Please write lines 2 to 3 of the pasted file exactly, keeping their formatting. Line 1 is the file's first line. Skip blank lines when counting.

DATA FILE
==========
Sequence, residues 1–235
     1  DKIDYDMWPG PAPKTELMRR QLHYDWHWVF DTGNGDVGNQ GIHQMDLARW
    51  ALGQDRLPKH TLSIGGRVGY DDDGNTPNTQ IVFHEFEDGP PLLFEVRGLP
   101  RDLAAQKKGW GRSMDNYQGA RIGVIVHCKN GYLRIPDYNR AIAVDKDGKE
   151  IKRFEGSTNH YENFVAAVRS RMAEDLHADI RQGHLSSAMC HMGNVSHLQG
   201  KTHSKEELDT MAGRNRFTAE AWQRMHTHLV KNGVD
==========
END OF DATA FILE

     1  DKIDYDMWPG PAPKTELMRR QLHYDWHWVF DTGNGDVGNQ GIHQMDLARW
    51  ALGQDRLPKH TLSIGGRVGY DDDGNTPNTQ IVFHEFEDGP PLLFEVRGLP